23.07.2021 - The tricky stage

Orienteering today and a look back

During the Swiss O Week 2021, all participants can rely on comprehensive information. With daily use, however, one tends to forget that countless working hours were necessary to prepare these documents.

Such as the programme book: it guides like a red thread through the entire O-week and simplifies to find the way around. Since many contributions were drafted, edited and repeatedly adapted by different authors, the final editorial work often required patience as well as diligence. After all, not only have lists, tables and general information to be correct, equally important was the accurate translation and a pleasing appearance.

Precision was also crucial in cartography. To precisely map a square kilometre of terrain for the SOW, the time required was about 30 hours not included the drafting of the map afterwards. In other words, only a considerable previous amount of work enabled the orienteers to run their routes efficiently. At best, technical means such as drones will simplify manual labour in the future. At least now, flying cameras cannot think, feel or interpret the way humans do in creating orienteering maps with the appropriate finesse. Something that the “tricky” terrain today would not have forgiven.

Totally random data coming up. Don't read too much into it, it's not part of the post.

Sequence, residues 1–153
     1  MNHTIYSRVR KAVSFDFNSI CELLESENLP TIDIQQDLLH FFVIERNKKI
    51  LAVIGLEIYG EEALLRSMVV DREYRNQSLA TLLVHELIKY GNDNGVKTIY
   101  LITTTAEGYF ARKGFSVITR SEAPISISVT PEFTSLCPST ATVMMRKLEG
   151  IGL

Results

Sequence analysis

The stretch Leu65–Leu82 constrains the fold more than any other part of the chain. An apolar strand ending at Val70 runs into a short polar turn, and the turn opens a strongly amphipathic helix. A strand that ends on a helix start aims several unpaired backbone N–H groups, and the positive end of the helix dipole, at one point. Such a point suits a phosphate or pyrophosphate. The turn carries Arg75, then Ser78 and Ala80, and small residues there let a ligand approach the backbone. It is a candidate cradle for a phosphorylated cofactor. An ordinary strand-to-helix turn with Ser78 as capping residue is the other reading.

SOW 2021 would not have been possible without updated maps and the needed information. If today’s stage should nevertheless be criticized, the experiences from an orienteering runner from 1954 should become “required reading”. After the stage on Monday, the energetic senior remembered the time when girls and young women were occasionally allowed to participate at orienteering events of the “military preliminary class”. Modestly dressed in Manchester skirts, scratchy woollen stockings, high boots, scout blouses with ties and belts all around. Orienteering was done on 25’000 scale military maps; if necessary, organizer procured official extracts from the land register. One ran in groups and at the controls which were manned by soldiers, different tasks had to be solved and the coordinates for the next control to be determined.

Only the timekeeping has survived to this day. It is done electronically, of course, instead of the mechanical stop watches or the seconds hand on the watch on the wrist. The “Heliomalt» power drink that used to be handed out at the finish is no longer available. However, cheerful, unforgettable memories of the early orienteering experiences for women in Switzerland remain.

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